Barry University in Miami Shores, Florida, is also a sponsored ministry of the Adrian Dominicans, and students from Barry join Siena Heights students for two weeks of intensive permaculture education at the site. The sisters hope to soon have a permaculture site at Barry University and do another two-week program there, focusing on the endangered ecosystems and agriculture of that area.

"For years, we've been so involved in our relationship with Earth, but now the need is so imminent right before our eyes," Sanders said. "Permaculture goes beyond just agriculture."

Land brings 'abundant life'

The Villa Farm at the Sisters of the Humility of Mary campus in New Bedford, Pennsylvania, has been sustaining the sisters and their neighbors since 1864. Land manager John Moreira's job is to make sure it can do so for the next 154 years.

"There's an old adage that goes back to the Dust Bowl," Moreira said. "If you're not trying to grow your soil, you'll lose your soil."

Moreira said continually planting row crops without proper cover and without allowing the land to go fallow occasionally doesn't just deplete the nutrients from the soil, it depletes the soil itself.

"You do corn after corn after corn, and there's a demonstrable difference in the soil that's there," he said. "But you can make organic matter just by proper crop rotations and fallow years."

But that dedication requires a long-term view, rather than a constant quest for short-term profits. Last week, Moreira said, the farm across the street harvested its crop of soybeans, but the Villa Farm waited, because the soil was too wet and would be compacted by the tractor, causing permanent damage. The result was a less-than-stellar harvest, but soil that remains healthy.

That long-term vision has led the sisters to go through the multi-year process of having the farm certified as organic. One hundred fifty of the farm's 280 acres should be certified organic next year, and the rest should be certified the year after. Once the crops are certified, Moreira said, they will double and sometimes triple in value.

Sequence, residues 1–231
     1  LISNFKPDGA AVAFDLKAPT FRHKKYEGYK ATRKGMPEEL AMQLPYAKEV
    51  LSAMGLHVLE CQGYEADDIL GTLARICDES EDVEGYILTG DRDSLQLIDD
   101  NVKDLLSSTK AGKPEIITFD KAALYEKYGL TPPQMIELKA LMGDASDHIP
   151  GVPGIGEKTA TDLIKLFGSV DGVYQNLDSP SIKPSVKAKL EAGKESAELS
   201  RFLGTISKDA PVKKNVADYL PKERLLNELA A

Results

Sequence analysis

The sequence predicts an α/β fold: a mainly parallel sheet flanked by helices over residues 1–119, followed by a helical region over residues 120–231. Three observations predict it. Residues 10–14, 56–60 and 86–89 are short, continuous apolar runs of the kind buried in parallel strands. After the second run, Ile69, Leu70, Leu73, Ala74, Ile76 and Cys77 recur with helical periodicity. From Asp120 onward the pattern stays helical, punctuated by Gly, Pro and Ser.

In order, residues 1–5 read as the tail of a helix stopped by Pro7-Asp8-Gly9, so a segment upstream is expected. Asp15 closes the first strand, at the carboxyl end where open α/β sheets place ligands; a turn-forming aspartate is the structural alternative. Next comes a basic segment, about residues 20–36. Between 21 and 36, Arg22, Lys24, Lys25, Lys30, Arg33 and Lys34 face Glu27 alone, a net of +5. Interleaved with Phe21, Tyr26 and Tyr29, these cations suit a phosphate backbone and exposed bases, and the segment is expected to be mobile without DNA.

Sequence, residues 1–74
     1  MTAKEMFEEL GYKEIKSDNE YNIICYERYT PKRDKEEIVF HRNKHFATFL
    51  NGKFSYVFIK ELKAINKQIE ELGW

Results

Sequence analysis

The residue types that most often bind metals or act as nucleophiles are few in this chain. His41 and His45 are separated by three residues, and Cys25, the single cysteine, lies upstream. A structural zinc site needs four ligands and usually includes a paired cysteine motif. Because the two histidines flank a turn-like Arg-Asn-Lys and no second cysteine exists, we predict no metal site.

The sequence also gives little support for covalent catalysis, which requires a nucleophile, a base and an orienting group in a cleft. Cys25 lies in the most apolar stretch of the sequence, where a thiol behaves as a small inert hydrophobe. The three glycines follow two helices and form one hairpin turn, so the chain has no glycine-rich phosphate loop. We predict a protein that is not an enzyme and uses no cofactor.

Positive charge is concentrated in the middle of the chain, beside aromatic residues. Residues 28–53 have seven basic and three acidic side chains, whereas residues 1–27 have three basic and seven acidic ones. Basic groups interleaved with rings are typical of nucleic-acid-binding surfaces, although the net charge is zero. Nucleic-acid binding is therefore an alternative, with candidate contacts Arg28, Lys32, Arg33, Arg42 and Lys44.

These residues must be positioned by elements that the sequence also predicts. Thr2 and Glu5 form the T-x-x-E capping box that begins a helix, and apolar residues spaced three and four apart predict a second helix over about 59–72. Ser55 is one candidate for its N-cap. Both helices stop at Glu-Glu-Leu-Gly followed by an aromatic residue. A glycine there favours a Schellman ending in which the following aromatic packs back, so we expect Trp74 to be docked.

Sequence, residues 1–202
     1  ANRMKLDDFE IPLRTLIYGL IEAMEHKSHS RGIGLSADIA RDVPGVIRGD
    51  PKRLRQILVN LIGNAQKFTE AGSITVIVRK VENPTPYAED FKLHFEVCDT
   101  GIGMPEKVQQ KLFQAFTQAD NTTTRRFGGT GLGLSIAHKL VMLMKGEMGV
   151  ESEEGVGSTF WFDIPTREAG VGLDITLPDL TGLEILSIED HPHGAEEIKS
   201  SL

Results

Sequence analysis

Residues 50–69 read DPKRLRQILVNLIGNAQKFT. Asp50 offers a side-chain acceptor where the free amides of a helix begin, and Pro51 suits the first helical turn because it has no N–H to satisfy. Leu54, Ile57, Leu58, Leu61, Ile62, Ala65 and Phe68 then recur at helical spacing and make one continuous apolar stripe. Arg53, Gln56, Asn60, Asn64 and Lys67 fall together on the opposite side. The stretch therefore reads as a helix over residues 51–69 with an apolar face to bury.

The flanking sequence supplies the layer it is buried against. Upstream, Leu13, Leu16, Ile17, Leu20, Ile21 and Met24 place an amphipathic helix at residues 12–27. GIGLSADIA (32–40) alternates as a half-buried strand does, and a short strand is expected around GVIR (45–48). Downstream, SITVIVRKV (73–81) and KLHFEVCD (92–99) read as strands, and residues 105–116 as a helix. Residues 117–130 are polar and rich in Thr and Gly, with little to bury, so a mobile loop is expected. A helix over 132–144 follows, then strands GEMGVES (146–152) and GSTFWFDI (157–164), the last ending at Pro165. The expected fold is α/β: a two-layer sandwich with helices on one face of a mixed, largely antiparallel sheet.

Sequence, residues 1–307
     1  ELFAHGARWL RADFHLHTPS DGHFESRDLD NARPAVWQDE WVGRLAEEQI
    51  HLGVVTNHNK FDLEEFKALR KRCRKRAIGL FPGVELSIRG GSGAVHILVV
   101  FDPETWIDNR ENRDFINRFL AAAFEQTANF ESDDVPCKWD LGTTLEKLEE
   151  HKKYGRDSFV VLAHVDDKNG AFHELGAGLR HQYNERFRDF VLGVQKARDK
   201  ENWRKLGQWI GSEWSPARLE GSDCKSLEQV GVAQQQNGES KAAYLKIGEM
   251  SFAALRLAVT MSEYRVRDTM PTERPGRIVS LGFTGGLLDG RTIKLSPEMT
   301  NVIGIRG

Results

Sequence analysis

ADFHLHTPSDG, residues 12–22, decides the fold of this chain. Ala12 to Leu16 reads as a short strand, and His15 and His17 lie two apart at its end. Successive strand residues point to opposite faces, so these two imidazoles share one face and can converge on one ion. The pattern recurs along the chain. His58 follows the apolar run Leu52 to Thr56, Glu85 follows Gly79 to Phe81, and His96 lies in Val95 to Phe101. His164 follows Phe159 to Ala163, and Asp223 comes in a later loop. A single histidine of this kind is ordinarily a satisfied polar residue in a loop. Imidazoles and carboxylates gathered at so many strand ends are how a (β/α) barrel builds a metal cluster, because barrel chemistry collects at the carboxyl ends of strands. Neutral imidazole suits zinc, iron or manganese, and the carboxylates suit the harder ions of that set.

"There's a demand for it in the United States," he said. "We're importing organic food from Europe because farmers here can't meet the demand."

Sr. Barbara Wincik, a member of the community's leadership team, said the sisters themselves were imports from France.

"Our mission is to bring more abundant life to God's people, especially the poor," Wincik said. "The land is very important to that."

While the row crops are sold, much of the produce is donated to food banks.

Wincik said the farm may be sustainable agriculturally and ecologically, but is not currently self-sustaining economically. That may change once it has organic certification.

The 759-acre campus also has 400 acres of forest that are carefully managed.

Wincik said the harmony with the land extends beyond sustainability efforts — the sisters have been living, praying, working and ministering on the land for a century and a half, and that spirituality can be felt. She said visitors to the campus retreat and education center remark that when they drive onto the property, they immediately feel a sense of peace.

"I think that's what people feel when they come to the Villa," she said. "It's just peaceful."

Sr. Susan Gatz was president at the time of the interview.

[Dan Stockman is national correspondent for Global Sisters Report. His email address is Follow him on Twitter or on Facebook.]